Thus, the Nunes memo appears to be the latest effort to delegitimize the Russia probe by painting it as born of partisan dirty tricks and an illegitimate abuse of power. Christopher Steele, the former British spy who authored that dossier, testified that the FBI viewed his memo as corroboration of already-collected information, and the FBI reportedly began its probe (which became the Mueller investigation) after learning that a Trump aide knew of dirt Russia had collected on Hillary Clinton.
A campaign to discredit the Russia probe
But the campaign to discredit the Russia investigation continues unabated, and the Nunes memo is at the center of it. Donald Trump Jr. has tweeted nonstop for the release of the memo, and Trump’s media allies are using its existence to call for Mueller to close his investigation down.
Meanwhile, the political meddling with the FBI appears to be continuing on another front: Axios reports that FBI Director Christopher A. Wray has threatened to resign over pressure on him from Attorney General Jeff Sessions to fire a top FBI official whose removal Trump has been demanding, allegedly because he’s a Clinton ally.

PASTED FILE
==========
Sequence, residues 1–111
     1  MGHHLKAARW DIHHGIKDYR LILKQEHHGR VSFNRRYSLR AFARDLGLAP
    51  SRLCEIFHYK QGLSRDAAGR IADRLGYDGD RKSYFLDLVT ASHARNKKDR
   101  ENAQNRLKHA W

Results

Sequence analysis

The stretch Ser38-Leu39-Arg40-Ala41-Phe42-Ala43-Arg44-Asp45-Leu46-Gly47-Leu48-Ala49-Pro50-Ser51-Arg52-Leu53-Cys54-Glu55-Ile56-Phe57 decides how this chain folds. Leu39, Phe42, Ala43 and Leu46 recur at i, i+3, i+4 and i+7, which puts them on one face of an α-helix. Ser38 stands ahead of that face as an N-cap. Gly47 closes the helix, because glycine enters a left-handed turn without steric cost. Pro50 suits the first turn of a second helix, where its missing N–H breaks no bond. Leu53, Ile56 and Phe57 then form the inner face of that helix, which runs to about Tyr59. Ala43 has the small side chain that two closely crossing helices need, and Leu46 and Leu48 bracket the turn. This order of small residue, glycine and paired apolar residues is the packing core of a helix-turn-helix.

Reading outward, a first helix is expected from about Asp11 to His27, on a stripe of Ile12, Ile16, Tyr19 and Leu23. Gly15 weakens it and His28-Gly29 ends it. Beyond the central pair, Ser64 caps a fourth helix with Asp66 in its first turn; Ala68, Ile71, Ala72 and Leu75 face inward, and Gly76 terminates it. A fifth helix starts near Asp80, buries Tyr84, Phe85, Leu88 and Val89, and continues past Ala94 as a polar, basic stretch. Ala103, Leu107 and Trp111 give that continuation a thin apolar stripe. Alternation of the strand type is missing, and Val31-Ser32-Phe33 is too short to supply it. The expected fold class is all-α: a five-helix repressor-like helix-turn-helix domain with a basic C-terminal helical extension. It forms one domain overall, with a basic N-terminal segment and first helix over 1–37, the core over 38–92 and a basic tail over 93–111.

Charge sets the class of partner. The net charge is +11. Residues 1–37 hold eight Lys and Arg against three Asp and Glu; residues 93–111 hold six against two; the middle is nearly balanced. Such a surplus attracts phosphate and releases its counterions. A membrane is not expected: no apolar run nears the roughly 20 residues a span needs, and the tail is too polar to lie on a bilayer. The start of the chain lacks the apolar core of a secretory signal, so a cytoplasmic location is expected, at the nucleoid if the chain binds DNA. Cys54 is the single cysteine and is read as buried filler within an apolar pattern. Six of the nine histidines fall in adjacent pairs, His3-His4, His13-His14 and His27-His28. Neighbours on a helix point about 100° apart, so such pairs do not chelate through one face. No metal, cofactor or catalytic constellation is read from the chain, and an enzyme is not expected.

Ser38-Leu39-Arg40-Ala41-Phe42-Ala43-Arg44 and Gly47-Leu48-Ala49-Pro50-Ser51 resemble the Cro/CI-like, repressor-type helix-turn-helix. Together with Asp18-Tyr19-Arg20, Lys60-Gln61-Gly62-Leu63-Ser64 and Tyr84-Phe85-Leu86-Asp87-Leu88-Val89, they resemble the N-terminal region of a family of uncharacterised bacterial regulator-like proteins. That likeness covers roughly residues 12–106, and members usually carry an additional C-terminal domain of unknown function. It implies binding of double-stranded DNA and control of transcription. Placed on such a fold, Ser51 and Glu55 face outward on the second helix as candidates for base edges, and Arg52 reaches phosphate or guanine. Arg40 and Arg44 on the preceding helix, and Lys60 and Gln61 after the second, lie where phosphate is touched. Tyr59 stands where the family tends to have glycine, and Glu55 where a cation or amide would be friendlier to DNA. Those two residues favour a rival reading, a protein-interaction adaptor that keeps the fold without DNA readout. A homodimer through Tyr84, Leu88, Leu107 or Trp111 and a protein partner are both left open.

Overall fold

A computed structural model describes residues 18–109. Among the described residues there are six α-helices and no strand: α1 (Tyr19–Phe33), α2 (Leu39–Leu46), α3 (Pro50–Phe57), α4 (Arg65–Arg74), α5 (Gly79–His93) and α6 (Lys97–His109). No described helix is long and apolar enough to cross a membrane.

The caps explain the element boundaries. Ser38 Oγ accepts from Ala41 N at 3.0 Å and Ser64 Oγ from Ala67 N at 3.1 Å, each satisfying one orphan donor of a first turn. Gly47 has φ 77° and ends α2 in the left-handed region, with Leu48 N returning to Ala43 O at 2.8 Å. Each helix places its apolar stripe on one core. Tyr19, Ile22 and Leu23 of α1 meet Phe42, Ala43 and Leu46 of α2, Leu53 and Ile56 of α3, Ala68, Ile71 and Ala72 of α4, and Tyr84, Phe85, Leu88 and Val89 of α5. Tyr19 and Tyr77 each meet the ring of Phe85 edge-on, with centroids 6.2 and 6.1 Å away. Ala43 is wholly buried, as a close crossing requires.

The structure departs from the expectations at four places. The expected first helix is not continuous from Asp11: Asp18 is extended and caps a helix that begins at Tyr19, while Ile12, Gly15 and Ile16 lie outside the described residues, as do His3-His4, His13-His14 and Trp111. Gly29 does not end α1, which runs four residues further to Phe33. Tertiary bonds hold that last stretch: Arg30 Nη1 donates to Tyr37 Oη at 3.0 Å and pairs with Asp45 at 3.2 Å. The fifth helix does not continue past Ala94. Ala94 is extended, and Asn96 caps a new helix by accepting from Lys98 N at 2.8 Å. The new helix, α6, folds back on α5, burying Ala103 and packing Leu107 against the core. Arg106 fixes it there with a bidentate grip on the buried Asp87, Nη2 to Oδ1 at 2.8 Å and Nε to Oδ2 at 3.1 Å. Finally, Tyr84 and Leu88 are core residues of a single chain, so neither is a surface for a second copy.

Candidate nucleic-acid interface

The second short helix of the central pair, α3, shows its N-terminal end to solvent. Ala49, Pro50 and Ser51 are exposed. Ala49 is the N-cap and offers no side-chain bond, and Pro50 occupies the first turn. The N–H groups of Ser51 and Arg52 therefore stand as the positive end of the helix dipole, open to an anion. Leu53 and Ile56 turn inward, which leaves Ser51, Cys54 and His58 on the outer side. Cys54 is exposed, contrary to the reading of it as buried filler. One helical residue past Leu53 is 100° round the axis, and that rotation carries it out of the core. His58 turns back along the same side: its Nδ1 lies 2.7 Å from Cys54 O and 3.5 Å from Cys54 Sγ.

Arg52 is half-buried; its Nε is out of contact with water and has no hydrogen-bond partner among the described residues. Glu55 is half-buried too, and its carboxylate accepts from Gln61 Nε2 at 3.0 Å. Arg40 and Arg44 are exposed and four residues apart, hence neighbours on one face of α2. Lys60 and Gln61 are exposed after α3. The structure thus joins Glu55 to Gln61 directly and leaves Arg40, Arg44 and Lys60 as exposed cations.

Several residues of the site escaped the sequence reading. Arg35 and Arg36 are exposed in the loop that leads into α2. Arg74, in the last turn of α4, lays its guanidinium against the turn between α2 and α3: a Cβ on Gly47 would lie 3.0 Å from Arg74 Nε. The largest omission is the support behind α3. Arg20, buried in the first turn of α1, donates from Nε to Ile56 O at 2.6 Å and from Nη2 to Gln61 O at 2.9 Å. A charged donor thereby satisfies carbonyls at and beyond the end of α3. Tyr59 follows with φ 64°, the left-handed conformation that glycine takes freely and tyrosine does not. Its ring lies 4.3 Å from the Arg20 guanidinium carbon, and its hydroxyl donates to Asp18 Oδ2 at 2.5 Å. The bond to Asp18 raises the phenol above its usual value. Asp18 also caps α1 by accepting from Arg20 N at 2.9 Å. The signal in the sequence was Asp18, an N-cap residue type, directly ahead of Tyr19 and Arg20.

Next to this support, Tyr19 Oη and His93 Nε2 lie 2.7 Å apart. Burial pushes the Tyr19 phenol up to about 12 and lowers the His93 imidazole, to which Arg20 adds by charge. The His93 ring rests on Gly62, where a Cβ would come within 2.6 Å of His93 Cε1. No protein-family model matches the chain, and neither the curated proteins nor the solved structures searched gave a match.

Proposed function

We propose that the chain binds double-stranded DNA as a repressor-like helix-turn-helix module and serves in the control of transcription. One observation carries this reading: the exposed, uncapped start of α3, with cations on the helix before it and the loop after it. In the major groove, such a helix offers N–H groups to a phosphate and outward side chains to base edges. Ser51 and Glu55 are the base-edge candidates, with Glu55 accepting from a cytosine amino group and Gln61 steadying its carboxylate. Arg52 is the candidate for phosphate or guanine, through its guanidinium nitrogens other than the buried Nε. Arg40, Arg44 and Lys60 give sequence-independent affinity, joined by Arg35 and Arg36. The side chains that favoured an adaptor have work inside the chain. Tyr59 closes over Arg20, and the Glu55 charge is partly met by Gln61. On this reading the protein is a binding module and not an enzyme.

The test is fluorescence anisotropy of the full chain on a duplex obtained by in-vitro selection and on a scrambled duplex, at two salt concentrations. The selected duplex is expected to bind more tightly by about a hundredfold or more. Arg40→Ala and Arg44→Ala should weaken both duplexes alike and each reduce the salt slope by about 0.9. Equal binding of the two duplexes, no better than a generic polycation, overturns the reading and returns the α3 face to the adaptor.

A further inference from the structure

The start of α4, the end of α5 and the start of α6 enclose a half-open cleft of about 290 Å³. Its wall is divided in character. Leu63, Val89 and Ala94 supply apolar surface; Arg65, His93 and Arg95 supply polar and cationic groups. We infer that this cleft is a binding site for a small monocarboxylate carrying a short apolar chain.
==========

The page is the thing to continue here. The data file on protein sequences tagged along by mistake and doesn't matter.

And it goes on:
To be clear, it is of course appropriate for Congress to be exercising oversight on FBI/DOJ treatment of the FISA process. But as Neema Guliani, legislative counsel at the ACLU, told me, “selective release of facts is not true transparency,” and that instead, we should be pushing for a broader release of “the FISA court application, opinion, and any relevant communications with the intelligence court about these matters.”